8 Reasons Why Small Businesses Fail

Reasons Why Small Businesses FailThe saddest thing in the world to me is to drive down a main street in a small town and see “going out of business” or “for rent” signs in the windows of retail spaces. The last few years in business have been tough, but many of the business failures out there are largely preventable.  The thing I know about business, is that you must figure out what you don’t know about business to survive.  Here are the 8 most common reasons why small businesses fail.

1)     No clue about how hard it is to run a business- People start small businesses for many reasons. They hate their job, need some side money or always wanted to open a shoe store or cupcake shop. The trouble is that too many people do not take the time to really think about what their life would be like as an entrepreneur. It’s a tough lifestyle, at first. Think about what you want out of life first, and then build a business that supports your personal and professional goals.  Develop a life plan because you do not want to start a business that is NOT a good business for you.

2)     No network- “Your network is your net worth.”  You must spend time cultivating the market to develop and nurture your professional and personal connections. Your first customers will come from your personal network. If you have no network, your business will not be able to survive.

3)     Not saving enough money- If you don’t save enough money before you start your business, you may not be able to hang in there until the business can generate any real revenue. People with assets have options. It takes on average 12-18 months to break even in a new business, let alone replace your corporate salary.

4)     Lack of a niche focus- Too many small business owners sell to anyone they think has money. Take the time to develop a well-defined niche for your business. It is so much easier to develop a marketing plan when you are clear on your target. By the way, specialists can always charge more money.

5)     No marketing plan- Too many small business live off referrals, which is good, but that eventually will dry up. You must put some effort each day into generating sales for your small business. You can make a call, send an email, write a blog post, and ask for a testimonial on LinkedIn from a happy new client. Do not rest on your reputation. Actively let the world know you are open for business.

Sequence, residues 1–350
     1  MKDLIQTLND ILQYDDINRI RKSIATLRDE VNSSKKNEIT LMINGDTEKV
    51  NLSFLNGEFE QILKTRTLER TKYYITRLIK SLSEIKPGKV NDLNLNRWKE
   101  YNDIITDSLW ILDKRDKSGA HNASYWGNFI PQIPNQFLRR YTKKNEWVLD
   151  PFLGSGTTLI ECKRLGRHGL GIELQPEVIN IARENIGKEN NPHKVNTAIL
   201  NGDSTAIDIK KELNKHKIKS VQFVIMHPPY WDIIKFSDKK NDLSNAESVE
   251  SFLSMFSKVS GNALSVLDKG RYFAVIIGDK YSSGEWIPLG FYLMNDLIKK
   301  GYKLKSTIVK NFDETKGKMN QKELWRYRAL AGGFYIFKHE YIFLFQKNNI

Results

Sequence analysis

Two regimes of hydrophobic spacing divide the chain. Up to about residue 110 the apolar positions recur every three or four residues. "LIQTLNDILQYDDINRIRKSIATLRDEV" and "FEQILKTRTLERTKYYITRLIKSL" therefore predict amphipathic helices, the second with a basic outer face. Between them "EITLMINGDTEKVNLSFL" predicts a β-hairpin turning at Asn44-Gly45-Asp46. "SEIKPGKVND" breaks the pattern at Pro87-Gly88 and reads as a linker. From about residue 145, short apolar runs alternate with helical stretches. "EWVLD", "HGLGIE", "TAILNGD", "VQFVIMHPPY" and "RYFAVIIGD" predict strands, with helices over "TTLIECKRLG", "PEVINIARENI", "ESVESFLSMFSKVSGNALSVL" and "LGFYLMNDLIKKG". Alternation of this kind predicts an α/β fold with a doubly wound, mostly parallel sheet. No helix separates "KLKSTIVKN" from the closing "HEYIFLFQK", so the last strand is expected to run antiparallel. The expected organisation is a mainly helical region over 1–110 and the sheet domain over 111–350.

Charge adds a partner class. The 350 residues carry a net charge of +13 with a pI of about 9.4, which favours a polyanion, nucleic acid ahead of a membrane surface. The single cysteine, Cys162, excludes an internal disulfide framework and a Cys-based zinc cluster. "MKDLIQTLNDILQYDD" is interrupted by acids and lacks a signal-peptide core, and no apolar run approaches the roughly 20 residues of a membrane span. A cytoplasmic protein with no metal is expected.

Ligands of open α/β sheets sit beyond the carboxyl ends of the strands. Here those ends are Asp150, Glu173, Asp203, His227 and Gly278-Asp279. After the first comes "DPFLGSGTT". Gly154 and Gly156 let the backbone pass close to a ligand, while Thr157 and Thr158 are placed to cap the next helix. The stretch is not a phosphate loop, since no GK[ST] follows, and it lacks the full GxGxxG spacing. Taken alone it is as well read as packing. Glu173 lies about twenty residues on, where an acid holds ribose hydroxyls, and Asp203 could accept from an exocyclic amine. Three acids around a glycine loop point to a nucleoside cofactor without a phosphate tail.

6)    Not managing your brand online- It’s now easier than ever to build a brand online. It’s also just as easy to damage your business brand. Do you have a good, helpful website? Do you Google yourself and your business monthly? Do your social media accounts tell people how to hire you? Do you have a blog that hasn’t been updated in six months to a year? Do you have bad reviews online that you have not responded to? Can your website be seen easily from a mobile device? People will search for your company online before they ever call you, what would they find about your business today?

7)    Not communicating with existing customers- It’s cheaper to keep a customer than to go out and get a new one. You must have a database, CRM system and email marketing program to communicate with your customers so that they know all the ways they can work with you. At least monthly, your customers should hear from you.

8)    Lack of fiscal discipline- If you do not run your household with a budget, you won’t run your business with one.  You must make business decisions based on up-to-date financial information. Know your latest numbers by the 15th of every month. Ask yourself “Why” three times before making a purchasing decision for your business.

Do you have any other reasons why small businesses fail?

“Failed Stamp Showing Reject” image courtesy of Stuart Miles / www.FreeDigitalPhotos.net